E.G. Phillips has been making some waves for the past few years, and as a non-stopping force he’s returning with another gem in the form of “Your Inexorable Pull,” a track that showcases the most raw and intimate side of the artist as he pours his heart, armed only with his guitar.
As Phillips comments, When I play “Your Inexorable Pull” for an audience, one of the inevitable responses I get is “that’s the first time I’ve ever heard that word used in a song” which tickles my mischievous side but also saddens me a bit.There are so many lovely words out there in the world and to think that they haven’t gotten a chance to be featured prominently in a song seems rather unfortunate.Not that I set out to write it explicitly for that purpose — though once I hit upon the idea of using “inexorable” in combination with “pull” (the close proximity of the ‘b’ and ‘p’ at times makes me feel a bit like Roger Rabbit — P-p-p-please Eddy!) as well as “travel” and “circle” — well, it felt a bit hard to resist.How exactly I came up with that specific word is a bit lost to the mists of time at this point, but I’ll assume my misspent youth as a Latin scholar had something to do with it.
Like many such songs, it was written with a specific person in mind, though I won’t embarrass them beyond saying they’re a fellow singer-songwriter and part of “the joke,” as it were, is that I initially cribbed part of the chord progression from one of her songs (then sped it up, reversed it and let it fly off it a completely different direction).She was one of these people I knew by proxy through social media — enough friends of mine knew her such that she’d pop up in my feed every now and then even though we never encountered each other IRL (as the kids say).So from time to time one gets these glimpses, these brief little sightings, and the fact that one can become intrigued, even slightly infatuated with this person one’s never actually met, just have this single degree of separation from, was in of itself a bit fascinating and the genesis for the song.The notion that we were both sort of in the same or similar “orbits” social circle-wise came to mind and the piece sort of wrote itself at that point as I played with the notions gravity and space travel and the like.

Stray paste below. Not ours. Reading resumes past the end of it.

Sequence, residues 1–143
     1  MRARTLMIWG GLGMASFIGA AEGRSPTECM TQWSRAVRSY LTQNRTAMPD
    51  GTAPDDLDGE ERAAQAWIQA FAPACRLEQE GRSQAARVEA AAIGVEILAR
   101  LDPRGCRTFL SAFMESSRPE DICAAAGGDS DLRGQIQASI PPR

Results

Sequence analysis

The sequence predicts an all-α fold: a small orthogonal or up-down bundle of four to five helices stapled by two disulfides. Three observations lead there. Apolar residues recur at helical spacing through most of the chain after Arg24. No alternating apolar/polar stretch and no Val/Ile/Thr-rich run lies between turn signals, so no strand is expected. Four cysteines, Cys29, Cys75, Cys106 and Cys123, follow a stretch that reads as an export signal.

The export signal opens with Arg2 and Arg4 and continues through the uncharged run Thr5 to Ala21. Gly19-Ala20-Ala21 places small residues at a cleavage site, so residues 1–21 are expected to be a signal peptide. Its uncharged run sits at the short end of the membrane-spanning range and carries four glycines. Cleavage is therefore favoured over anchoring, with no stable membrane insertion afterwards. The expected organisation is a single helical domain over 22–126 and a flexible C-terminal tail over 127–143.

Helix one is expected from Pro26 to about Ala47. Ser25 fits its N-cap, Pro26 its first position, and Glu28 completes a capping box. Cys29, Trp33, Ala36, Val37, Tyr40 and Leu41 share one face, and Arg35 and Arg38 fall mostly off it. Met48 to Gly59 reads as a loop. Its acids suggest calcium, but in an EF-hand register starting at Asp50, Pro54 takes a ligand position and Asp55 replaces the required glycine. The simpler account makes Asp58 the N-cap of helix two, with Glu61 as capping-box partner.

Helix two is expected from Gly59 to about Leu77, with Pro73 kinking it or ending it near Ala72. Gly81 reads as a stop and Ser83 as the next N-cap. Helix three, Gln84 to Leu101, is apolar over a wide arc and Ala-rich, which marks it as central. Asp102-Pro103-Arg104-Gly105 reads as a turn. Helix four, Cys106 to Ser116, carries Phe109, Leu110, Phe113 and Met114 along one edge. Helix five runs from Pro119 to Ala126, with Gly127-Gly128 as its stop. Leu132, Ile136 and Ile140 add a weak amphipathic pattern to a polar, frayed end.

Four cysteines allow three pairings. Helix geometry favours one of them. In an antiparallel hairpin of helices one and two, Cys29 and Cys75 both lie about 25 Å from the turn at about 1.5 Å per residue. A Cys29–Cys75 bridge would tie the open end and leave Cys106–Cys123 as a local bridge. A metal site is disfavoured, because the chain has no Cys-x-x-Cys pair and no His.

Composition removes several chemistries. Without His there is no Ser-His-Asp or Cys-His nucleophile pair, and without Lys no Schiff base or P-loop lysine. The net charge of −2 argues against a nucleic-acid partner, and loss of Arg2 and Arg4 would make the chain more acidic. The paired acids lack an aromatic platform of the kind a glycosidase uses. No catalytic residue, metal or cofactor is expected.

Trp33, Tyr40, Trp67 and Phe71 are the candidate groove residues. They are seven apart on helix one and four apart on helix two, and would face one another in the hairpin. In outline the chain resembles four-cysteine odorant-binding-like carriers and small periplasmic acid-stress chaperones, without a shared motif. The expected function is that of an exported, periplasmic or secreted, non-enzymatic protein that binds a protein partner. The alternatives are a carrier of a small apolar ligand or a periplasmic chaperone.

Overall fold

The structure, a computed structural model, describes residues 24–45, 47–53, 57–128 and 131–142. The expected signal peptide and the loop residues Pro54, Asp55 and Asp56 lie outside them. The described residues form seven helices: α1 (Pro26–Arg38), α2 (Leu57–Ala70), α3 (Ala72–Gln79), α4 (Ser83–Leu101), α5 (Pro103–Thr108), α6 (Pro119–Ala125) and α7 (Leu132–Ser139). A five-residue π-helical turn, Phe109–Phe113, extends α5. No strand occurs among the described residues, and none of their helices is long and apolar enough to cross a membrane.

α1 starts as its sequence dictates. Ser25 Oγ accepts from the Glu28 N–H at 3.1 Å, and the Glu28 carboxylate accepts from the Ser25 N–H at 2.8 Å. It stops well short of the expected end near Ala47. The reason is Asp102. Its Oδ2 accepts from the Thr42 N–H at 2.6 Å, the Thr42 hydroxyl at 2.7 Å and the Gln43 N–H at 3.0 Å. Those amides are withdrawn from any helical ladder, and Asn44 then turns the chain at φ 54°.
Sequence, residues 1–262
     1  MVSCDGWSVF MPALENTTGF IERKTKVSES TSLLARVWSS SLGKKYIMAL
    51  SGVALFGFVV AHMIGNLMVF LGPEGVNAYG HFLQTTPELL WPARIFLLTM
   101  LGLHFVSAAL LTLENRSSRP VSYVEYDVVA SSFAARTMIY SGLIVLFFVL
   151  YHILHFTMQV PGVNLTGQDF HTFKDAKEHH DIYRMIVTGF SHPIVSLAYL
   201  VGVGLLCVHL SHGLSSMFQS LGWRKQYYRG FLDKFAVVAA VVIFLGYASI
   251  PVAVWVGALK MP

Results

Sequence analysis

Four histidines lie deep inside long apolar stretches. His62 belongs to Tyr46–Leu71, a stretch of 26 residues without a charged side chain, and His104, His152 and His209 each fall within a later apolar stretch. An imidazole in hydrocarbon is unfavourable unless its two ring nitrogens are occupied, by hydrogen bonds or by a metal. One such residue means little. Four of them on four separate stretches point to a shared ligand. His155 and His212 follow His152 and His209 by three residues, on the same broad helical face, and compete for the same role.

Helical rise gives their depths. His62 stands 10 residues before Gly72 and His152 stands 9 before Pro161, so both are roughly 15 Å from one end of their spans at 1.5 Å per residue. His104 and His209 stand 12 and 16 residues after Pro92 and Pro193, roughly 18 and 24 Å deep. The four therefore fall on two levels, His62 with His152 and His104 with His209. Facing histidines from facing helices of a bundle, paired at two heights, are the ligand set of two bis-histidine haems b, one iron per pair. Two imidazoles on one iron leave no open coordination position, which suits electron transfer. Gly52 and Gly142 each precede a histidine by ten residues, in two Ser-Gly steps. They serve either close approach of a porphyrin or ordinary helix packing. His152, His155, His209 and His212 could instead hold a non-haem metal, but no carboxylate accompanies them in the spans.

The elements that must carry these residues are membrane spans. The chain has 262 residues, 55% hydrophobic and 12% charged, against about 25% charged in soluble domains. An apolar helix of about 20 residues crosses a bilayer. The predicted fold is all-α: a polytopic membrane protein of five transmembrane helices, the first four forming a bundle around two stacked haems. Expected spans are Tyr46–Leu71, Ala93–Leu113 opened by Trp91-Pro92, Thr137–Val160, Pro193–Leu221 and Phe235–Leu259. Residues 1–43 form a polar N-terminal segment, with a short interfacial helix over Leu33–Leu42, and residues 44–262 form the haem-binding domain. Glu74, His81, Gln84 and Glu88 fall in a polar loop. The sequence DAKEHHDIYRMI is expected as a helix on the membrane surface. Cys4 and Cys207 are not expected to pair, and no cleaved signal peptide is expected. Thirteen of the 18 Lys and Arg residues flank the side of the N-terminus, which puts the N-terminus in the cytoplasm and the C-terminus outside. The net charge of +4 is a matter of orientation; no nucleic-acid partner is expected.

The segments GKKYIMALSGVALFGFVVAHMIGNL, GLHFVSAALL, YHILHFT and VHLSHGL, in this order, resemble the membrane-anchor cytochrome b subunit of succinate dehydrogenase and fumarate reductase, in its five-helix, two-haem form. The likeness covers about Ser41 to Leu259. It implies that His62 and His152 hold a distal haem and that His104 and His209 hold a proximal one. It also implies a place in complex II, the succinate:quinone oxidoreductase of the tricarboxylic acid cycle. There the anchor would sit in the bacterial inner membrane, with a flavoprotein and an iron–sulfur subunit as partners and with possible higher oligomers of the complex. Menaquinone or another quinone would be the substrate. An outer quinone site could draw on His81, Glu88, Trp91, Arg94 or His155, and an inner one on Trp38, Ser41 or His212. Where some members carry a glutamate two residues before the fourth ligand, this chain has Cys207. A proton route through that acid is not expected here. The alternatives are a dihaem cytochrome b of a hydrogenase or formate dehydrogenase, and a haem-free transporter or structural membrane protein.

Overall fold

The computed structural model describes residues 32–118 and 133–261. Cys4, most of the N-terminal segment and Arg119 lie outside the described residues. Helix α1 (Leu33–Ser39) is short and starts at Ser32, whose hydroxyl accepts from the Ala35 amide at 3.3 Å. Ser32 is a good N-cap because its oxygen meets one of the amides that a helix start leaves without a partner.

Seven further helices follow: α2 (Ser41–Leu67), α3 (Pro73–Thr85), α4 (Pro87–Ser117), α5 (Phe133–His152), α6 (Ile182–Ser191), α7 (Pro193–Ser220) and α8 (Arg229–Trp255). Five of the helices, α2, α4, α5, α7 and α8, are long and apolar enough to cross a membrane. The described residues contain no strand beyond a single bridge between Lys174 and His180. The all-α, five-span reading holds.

Alas, as an attempt to serenade and woo a potential object of my affections, the song did not lead to the great things I might have imagined, but one of the barista’s at Bazaar Cafe (where I frequent the open mic) really liked this one when I first played it, so I kept playing it.That it’s nice and short makes it a perfect one to break out when time is limited.Moreover, I’ve found it to be a good closer for live sets where I’m playing for tips — with the alternating thumb pattern for the bass line its got a fun bounce to it and there’s room for vocal improvisation and variation— in particular at the end where I can stretch out that last chorus to “I feel your inexorable pull… you towards the tip jar” — which, while not always terribly effective remuneratively speaking, it’s worth the laughs it gets.Likewise on the album, where the song plays a similar role, I feel like it nicely complements one of the opening songs which uses the phrase “push you away” giving them both a sweet bookending quality within the context of overall set.
At Home At Sea features some of Phillips’ most compellingly original, slyly humorous, and sneakily affecting work to date. Blending influences ranging from The Decemberists and Bob Dylan to Miles Davis and Tom Lehrer, Phillips’ brand of indie-folk is delightfully off-kilter, fleshed-out with atypical instrumentation and his agile lyricism.